His little company was called Fanduel. It’s the billion-dollar sports company that you now see on EVERY TV screen during every commercial break in every sports bar.
I can assure you, in 2010 Nigel was just like you: Terrified, desperate, only one chance to make this work, and the clock is ticking. I had lunch with him and Lesley in a cafeteria across the street from the hotel. I got the impression they’d spent every last penny to be there. And there was no guarantee Nigel was going to succeed. He was living by his wits and the best advice he could find.
Entrepreneurs have spouses and families and reputations on the line.
If they succeed, they build entire ecosystems. Birds nest in their branches. Just imagine how many industries Bill Gates created because he got Microsoft off the ground. How many software companies, hardware companies, retailers?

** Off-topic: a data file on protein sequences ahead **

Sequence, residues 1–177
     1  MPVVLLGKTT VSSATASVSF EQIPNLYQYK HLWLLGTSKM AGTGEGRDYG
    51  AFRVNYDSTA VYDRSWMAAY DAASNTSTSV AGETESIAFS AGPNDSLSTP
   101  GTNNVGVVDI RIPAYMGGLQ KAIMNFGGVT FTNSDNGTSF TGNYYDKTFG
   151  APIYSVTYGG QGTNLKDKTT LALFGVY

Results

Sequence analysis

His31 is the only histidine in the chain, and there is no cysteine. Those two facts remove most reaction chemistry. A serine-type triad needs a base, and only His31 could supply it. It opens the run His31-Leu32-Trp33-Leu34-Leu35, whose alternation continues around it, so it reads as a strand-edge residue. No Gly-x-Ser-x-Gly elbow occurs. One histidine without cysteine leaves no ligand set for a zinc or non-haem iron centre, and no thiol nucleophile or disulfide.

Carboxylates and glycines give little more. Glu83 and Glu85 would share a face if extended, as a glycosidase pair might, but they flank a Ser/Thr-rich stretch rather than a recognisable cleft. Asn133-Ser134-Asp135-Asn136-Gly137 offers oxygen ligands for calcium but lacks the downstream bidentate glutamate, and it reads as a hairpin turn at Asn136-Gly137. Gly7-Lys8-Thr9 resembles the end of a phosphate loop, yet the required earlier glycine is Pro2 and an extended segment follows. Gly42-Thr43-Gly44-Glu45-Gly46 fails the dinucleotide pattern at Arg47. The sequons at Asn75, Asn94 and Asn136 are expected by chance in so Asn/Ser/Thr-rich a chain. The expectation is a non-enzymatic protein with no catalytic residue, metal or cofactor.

The PC made the internet possible. How many industries did the internet spawn?
When an entrepreneur wins, it’s a victory for everybody.
When an entrepreneur loses, it’s a LOSS for everybody. Dreams die. Possibilities die. Futures die.
Everything in the world hinges on entrepreneurs. Without entrepreneurs, there are no jobs.
There are no industries.
There are no schools.
There are no churches.
There are no hospitals.
There are no farms or stores or food supplies.
And there are no big corporations. Because all big corporations started out with an entrepreneur and a vision running a small company.
The future of the world hangs in the balance, based on what we teach the new entrepreneurs. We have a moral and social obligation to do the very best job we can.
And NOBODY has the right to dispense thin advice when they have no track record or direct knowledge. Nobody has the right to kill an entrepreneur’s future by feeding their own greed.
So if you’re a fake expert dispensing fake advice, collecting money because of your fake bestselling book or your fake credentials or fake testimonials, then I don’t care whether you believe in Hell, Karma, or Natural Selection, it’s gonna catch up with you sooner or later.